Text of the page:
Rudofsky’s research addresses the reciprocal influence daily life was then quite different from what it is today.
between the actual place, the ways of living and architec- Every day I dined in the company of a dozen men, eating
ture. The planning and design proposals that derive from from a single enormous platter. There were no spoons,
it are not a matter of stylistic assertion, nor of indication no forks, no knives. We picked up the food with the help
of the Mediterranean origins of popular and vernacular of a piece of bread, without soiling our fingers. Needless
modern architecture, or even on the research of Mediter- to say, there was no table, no chairs, no beds. [...] I thus
ranean architecture as the ancestor of the rationalist one. learned through my own experience how custom shapes
They are rather the outcome of the considerations on the domestic architecture, and viceversa. [...] Above all, I
mutual influences between the ways of life and the place16. questioned the things that I call necessities, and that am-
He writes: «in the [First] post-war period, with the first biguous concept that is referred to as comfort [...]. I had
attempts to create a new architecture, interest in the “prim- known a lot about them from books. However, my actual
itives” unleashed a complex discussion about the origins contact with them, my physical experience, made all the
and first examples of modern architecture. [...] In discus- difference»18.

200
Certain consonances, certain physical similarities of foreign origin. Without these borrowings we would still
the places, help Rudofsky to understand a number of cul- be barbarians. Without keeping in touch with the world,
tural analogies. Like that he can go further in order to we simply become stagnant»21.
conceive the architectural transpositions and translations
of other places: «certain resemblances exist between the Lessons From The Mediterranean
Japanese people and the Italian one that even though are
probably just fortuitous are nonetheless less impressive. Me, Utopia, called in Antiquity,
[...] In topographical terms Japan and Italy are alike under void of haunt and harbor.
many aspects. [...] One day in August, walking along the Now I am like to Plato’s city,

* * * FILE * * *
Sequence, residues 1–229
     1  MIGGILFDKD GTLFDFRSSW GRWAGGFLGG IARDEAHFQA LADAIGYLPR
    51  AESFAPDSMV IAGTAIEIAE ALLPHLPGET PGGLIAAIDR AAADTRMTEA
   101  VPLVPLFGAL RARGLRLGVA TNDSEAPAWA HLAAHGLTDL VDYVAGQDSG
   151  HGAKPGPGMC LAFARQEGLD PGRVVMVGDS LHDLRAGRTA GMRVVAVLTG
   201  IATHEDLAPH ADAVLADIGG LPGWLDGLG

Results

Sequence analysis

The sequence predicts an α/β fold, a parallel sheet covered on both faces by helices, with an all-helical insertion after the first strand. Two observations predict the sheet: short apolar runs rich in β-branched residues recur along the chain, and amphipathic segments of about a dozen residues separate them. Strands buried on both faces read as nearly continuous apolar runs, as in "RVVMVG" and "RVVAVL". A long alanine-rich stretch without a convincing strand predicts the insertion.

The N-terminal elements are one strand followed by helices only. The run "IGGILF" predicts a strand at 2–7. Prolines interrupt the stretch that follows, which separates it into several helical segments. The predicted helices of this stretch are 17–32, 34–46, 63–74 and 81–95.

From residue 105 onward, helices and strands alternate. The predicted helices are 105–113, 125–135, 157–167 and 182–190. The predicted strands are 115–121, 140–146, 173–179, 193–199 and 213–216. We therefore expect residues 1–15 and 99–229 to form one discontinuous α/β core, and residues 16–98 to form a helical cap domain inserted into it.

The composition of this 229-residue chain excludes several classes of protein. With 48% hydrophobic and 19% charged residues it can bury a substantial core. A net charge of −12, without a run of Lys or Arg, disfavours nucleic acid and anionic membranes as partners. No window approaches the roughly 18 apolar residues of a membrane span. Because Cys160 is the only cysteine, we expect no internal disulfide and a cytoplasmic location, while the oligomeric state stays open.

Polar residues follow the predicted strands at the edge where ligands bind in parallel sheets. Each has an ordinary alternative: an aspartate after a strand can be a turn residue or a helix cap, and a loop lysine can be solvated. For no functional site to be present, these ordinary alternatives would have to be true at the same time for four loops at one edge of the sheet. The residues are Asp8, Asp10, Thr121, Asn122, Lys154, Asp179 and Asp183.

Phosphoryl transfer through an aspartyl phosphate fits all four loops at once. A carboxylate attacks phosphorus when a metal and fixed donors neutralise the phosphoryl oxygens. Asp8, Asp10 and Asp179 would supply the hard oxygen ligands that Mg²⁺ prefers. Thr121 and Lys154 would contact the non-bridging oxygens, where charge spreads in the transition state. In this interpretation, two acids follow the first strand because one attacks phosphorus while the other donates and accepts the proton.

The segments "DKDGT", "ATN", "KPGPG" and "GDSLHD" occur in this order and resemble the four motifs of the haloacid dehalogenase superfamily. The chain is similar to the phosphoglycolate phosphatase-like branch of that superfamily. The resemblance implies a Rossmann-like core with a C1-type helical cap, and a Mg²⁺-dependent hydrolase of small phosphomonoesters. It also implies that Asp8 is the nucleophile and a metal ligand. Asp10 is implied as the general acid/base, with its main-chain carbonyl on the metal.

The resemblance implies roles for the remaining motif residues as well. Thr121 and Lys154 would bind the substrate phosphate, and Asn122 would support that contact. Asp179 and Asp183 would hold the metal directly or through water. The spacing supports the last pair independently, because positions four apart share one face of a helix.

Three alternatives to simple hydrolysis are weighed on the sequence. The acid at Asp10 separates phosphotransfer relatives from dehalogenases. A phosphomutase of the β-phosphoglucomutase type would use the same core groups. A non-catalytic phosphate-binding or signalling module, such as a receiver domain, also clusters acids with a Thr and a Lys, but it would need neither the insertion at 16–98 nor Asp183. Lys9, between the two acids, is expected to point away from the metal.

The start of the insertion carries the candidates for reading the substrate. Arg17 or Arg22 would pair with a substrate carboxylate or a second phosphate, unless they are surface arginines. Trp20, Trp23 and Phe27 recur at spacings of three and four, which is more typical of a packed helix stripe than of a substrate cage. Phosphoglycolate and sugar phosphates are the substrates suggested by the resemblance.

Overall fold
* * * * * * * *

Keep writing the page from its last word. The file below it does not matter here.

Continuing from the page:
shores of the Internal Sea through narrow passages lined Whose fame flies the world through.
Yea like, or rather more likely,
by walls made of bare stone, among fig, loquats trees
Plato’s plot to excel and pass.
(which are originally from Japan), olive trees and white
For what Plato’s pen has plotted briefly,
and pink oleander, one does surrender to the illusion of In naked words, as in a glass,
being somewhere in Sorrento. The optical illusion is The same have I performed fully,
aided by the acoustic one. Through the milky mist that With laws, with men, and treasure fitly.
hides the quiet sea come the long calls of the fishermen, Wherefore not Utopia, but rather rightly,
which sound just like the ones of their colleagues in My name is Eutopie: a place of felicity.
Mergellina»19; but also to trace distant formal analogies, Thomas More
of time and place, converging into common results: «two
striking coincidences [between a Pompeian picture and In order to understand fully the role that the Mediter-
a Japanese one other], to demonstrate that some problems ranean plays in the work of Rudofsky, it is necessary con-
are universal. It is not possible to imagine the existence sidering some of his works, shedding some light on the
of relationships or cultural contacts between ancient Rome translation work between the crossovers and cultural con-
and ancient Japan. This coincidence cannot be superfi- fluence for which the Mediterranean is the place of actual
cially considered as a fortuity meeting. Not only architects realization.
share a spiritual kinship but even the authors of these But if the works of Rudofsky in Italy may be mistak-
two images reveal a touching sensibility that is wide- enly interpreted as a derivation of the Italian architecture
spread over the media of expression. All this proves that of the 30s, when the Mediterranean myth is functional to
the human fatigues and aspirations flow into universal the affirmation of a modern Italian architecture or as an
results»20. antidote to the academic classicism of the regime, or even,
Pushing even further the analogies and the Mediter- as an affirmation of original modernity, his work put in
ranean influences of the ancient world extend into a con- evidence a different point of view: the Mediterranean is
tinuous dialogue, establishing deep cultural exchanges: hired for its climatic characteristics and cultural hub.
«has it ever occurred to you that practically all the ingre- Rudofsky’s consideration on architecture investi-
dients of Western civilisation – all except architecture – gates the cultures of modernity. If on one side it sheds